The Data Governance Institute defines Data Governance as a system of decision rights and accountabilities for information-related processes, executed according to agreed-upon models, which describe who can take what actions with what information, and when, under what circumstances, using what methods. It encompasses strategies and technologies used to make sure organisations data stays in compliance with regulatory and legal requirements.
Security by design is an approach in software engineering that promotes to design software from the ground up to be secure.
Core pillars of information security are confidentiality (only allow access to data for which the user is permitted), integrity (ensure data is not tampered or altered by unauthorized users) and availability (ensure systems and data are available to authorized users when they need it). 
Privacy by design is an approach that promotes privacy and data protection compliance throughout the whole system engineering process. The Information & Privacy Commissioner of Ontario has taken a leading role in developing the privacy by design concept, establishing a reference framework of “Seven foundational principles of privacy by design” with respect to a proactive, transparent and user-centric engineering process.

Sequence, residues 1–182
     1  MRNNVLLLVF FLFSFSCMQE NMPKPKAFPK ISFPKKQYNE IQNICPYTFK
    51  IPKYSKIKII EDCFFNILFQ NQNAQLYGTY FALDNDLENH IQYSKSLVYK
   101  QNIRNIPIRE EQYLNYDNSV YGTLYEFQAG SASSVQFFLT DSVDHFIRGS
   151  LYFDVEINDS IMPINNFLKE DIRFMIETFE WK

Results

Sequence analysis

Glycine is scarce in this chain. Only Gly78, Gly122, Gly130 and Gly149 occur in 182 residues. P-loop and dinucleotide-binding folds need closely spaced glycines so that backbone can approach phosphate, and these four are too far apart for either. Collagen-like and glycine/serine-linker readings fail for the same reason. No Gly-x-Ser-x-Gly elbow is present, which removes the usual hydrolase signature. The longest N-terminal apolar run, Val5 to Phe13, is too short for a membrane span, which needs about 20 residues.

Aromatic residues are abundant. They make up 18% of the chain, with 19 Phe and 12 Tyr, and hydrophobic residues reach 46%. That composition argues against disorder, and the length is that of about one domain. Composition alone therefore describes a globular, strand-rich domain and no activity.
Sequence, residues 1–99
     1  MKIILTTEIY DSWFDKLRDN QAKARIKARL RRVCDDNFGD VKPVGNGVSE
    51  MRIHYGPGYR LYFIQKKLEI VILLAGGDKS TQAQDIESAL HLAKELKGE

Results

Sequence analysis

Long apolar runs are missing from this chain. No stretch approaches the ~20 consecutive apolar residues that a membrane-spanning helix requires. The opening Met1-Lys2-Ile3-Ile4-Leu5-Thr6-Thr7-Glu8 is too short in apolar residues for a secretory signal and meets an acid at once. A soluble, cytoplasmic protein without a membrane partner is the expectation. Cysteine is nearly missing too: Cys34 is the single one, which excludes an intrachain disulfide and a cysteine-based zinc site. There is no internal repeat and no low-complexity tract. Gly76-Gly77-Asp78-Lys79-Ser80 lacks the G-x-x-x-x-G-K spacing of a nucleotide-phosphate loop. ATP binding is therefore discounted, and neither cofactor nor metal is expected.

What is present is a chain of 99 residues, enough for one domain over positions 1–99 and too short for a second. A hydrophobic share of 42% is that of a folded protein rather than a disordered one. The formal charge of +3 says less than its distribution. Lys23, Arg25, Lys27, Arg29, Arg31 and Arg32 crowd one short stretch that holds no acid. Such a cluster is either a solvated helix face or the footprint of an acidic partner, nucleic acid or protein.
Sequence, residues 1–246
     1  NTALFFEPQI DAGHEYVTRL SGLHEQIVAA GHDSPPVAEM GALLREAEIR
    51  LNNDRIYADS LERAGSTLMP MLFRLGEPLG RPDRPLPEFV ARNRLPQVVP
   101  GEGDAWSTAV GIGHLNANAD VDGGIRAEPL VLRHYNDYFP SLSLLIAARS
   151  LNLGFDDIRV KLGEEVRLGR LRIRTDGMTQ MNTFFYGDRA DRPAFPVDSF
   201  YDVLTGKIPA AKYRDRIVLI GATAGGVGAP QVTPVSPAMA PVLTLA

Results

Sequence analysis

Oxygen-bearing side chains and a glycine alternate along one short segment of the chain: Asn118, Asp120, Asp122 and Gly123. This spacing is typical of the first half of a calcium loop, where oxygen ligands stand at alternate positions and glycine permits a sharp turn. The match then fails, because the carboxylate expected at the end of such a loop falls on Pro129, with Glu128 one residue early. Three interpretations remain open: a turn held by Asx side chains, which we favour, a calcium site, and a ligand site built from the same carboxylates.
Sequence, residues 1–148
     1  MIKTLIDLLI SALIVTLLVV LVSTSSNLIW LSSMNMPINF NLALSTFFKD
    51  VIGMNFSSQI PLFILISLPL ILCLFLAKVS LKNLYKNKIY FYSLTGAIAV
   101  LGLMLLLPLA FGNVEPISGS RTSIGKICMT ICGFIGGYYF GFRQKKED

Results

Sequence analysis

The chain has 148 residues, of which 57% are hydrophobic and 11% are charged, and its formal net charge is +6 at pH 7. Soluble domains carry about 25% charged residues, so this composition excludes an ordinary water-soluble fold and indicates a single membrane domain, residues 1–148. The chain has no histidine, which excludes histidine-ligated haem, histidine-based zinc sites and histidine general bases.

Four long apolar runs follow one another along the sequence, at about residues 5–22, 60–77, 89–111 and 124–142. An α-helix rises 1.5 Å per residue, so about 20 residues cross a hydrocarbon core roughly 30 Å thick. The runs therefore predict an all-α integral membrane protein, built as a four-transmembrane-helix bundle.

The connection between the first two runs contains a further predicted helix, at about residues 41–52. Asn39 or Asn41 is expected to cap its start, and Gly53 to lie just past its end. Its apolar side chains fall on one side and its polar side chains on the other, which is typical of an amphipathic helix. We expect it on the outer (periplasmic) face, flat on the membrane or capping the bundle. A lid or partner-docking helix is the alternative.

The 7 principles are:
• Proactive not Reactive; Preventative not Remedial
• Privacy as the Default setting
Key Performance Indicators (KPIs) are an integral component of public administrations performance measurement systems. In general, KPIs are assessment criteria that refer to the assessment dimensions Input, Process, Output, Impact and Outcome. 
The term Open Data means that data and content can be freely used, modified and shared by anyone for any purpose. Open Data is accessible for everyone and useable without any restrictions. 
Open Government Data refers to the wide range of information that public sector bodies collect, produce, reproduce and disseminate while accomplishing their institutional tasks. 
The pressure to redesign city infrastructures is strong, since climate change and the problem of allocation are defining new requirements, which will not be met through cosmetic and maintenance repairs. In particular, energy infrastructures like water, waste or recycling are affected by this issue.
The following description draws a picture for future smart cities.